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David Petraeus: A Phony Hero for a Phony War
FASTIDIOUSNESS is never a good sign in a general officer. Though strutting military peacocks go back to Alexander’s time, our first was MacArthur, who seemed at times to care more about how much gold braid decorated the brim of his cap than he did about how many bodies he left on beachheads across the Pacific. Next came Westmoreland, with his starched fatigues in Vietnam. In our time, Gen. David H. Petraeus has set the bar high. Never has so much beribboned finery decorated a general’s uniform since Al Haig passed through the sally ports of West Point on his way to the White House.
“What’s wrong with a general looking good?” you may wonder. I would propose that every moment a general spends on his uniform jacket is a moment he’s not doing his job, which is supposed to be leading soldiers in combat and winning wars — something we, and our generals, stopped doing about the time that MacArthur gold-braided his way around the stalemated Korean War.
And now comes “Dave” Petraeus, and the Iraq and Afghanistan conflicts. No matter how good he looked in his biographer-mistress’s book, it doesn’t make up for the fact that we failed to conquer the countries we invaded, and ended up occupying undefeated nations.
The genius of General Petraeus was to recognize early on that the war he had been sent to fight in Iraq wasn’t a real war at all. This is what the public and the news media — lamenting the fall of the brilliant hero undone by a tawdry affair — have failed to see. He wasn’t the military magician portrayed in the press; he was a self-constructed hologram, emitting an aura of preening heroism for the ever eager cameras.
I spent part of the fall of 2003 with General Petraeus and the 101st Airborne Division in and around Mosul, Iraq. One of the first questions I asked him was what his orders had been. Was he ordered to “take Mosul,” I asked. No answer. How about “Find Mosul and report back”? No answer. Finally I asked him if his orders were something along the lines of “Go to Mosul!” He gave me an almost imperceptible nod. It must have been the first time an American combat infantry division had been ordered into battle so casually.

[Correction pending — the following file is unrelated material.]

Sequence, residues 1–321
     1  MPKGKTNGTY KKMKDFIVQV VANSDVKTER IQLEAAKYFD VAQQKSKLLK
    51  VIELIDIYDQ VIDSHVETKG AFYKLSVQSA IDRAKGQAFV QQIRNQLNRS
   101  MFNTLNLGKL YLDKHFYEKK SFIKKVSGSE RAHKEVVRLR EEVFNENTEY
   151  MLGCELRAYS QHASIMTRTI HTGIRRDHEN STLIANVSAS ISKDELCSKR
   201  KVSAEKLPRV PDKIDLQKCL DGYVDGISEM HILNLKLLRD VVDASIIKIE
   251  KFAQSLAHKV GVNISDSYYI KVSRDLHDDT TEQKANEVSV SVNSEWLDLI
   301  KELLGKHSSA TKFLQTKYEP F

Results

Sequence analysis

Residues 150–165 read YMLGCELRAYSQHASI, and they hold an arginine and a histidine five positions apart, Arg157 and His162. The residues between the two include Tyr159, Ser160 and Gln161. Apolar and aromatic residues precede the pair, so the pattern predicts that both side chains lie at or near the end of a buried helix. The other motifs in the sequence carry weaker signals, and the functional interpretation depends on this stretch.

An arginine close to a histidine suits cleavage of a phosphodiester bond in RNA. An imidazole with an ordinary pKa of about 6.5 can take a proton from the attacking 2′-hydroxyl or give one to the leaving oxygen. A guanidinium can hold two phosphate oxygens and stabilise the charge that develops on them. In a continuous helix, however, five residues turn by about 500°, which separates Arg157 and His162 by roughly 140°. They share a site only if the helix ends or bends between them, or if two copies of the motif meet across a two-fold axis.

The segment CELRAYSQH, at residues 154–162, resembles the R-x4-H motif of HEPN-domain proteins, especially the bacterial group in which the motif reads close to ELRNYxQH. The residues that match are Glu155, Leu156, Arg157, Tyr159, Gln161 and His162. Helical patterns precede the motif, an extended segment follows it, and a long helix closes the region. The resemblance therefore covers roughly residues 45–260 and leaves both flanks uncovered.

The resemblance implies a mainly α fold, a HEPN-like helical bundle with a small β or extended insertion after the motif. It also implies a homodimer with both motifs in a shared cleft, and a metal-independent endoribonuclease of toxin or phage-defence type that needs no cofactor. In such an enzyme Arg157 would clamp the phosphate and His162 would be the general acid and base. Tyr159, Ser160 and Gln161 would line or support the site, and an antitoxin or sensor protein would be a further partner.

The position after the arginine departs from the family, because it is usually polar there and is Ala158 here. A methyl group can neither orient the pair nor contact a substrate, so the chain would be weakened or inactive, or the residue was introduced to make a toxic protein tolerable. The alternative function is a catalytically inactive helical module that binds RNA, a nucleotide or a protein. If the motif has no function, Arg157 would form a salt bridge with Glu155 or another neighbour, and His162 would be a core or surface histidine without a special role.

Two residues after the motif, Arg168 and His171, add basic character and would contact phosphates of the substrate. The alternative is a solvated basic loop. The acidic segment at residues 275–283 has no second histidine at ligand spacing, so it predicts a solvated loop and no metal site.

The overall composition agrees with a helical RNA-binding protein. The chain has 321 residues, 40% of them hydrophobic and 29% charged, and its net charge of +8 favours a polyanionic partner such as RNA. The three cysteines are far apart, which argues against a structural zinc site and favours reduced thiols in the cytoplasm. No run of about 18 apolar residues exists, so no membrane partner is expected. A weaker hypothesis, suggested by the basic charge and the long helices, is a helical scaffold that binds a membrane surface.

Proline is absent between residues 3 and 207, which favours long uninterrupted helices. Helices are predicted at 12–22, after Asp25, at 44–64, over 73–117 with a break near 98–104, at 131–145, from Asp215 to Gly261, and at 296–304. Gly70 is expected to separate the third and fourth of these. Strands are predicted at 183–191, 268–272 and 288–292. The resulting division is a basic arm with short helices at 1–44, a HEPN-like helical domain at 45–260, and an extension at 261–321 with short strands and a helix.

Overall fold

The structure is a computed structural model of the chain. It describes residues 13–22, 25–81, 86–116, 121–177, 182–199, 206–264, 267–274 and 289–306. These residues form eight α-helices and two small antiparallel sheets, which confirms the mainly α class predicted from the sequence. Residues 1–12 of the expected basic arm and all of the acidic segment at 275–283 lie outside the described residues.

General Petraeus is very, very clever, which is quite different from stating that he is the brilliant tactician he has been described as. He figured if he hadn’t actually been given the mission to “win” the “war” he found himself in, he could at least look good in the meantime. And the truth is he did a lot of good things, like conceiving of the idea of basically buying the loyalties of various factions in Iraq. But they weren’t the kinds of things that win wars. In fact, they were the kinds of things that prolong wars, which for the general had the useful side effect of putting him on ever grander stages so he could be seen doing ever grander things, culminating in his appointment last year as the director of the C.I.A.
The thing he learned to do better than anything else was present the image of The Man You Turn To When Things Get Tough. (Who can forget the Newsweek cover, “Can This Man Save Iraq?” with a photo of General Petraeus looking very Princeton-educated in his Westy-starched fatigues?) He was so good at it that he conned the news media into thinking he was the most remarkable general officer in the last 40 years, and, by playing hard to get, he conned the political establishment into thinking that he could morph into Ike Part Deux and might one day be persuaded to lead a moribund political party back to the White House.
THE problem was that he hadn’t led his own Army to win anything even approximating a victory in either Iraq or Afghanistan. It’s not just General Petraeus. The fact is that none of our generals have led us to a victory since men like Patton and my grandfather, Lucian King Truscott Jr., stormed the beaches of North Africa and southern France with blood in their eyes and military murder on their minds.
Those generals, in my humble opinion, were nearly psychotic in their drive to kill enemy soldiers and subjugate enemy nations. Thankfully, we will probably never have cause to go back to those blood-soaked days. But we still shouldn’t allow our military establishment to give us one generation after another of imitation generals who pretend to greatness on talk shows and photo spreads, jetting around the world in military-spec business jets.
The generals who won World War II were the kind of men who, as it was said at the time, chewed nails for breakfast, spit tacks at lunch and picked their teeth with their pistol barrels. General Petraeus probably flosses. He didn’t chew nails and spit tacks, but rather challenged privates to push-up contests and went out on five-mile reveille runs with biographers.
His greatest accomplishment was merely personal: he transformed himself from an intellectual nerd into a rock star military man. The problem was that he got so lost among his hangers-on and handlers and roadies and groupies that he finally had his head turned by a West Point babe in a sleeveless top.
If only our political leadership, not to mention the Iraqi and Afghan insurgencies, had known how quickly and hard he would fall over such a petty, ignominious affair. Think of how many tens of thousands of lives could have been saved by ending those conflicts much earlier and sending Dave and his merry band of Doonesbury generals to the showers.